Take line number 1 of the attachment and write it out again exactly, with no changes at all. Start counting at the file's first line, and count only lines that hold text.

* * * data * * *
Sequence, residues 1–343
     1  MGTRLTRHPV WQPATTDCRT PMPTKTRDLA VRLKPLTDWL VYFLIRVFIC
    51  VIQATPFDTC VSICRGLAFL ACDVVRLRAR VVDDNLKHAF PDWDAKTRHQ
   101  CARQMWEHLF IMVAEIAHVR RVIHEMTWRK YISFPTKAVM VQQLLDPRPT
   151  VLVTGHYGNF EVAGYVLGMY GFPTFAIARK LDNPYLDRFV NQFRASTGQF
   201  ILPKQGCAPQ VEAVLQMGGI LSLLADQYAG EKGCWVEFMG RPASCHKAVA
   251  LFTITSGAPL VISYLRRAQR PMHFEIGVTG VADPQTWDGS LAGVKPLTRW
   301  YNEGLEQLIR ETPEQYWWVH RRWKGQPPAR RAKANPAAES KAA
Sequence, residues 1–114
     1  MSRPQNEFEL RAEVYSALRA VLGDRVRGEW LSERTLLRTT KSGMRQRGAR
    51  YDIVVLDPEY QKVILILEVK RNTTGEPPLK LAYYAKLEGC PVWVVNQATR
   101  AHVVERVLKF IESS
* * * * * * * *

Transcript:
Sequence, residues 1–343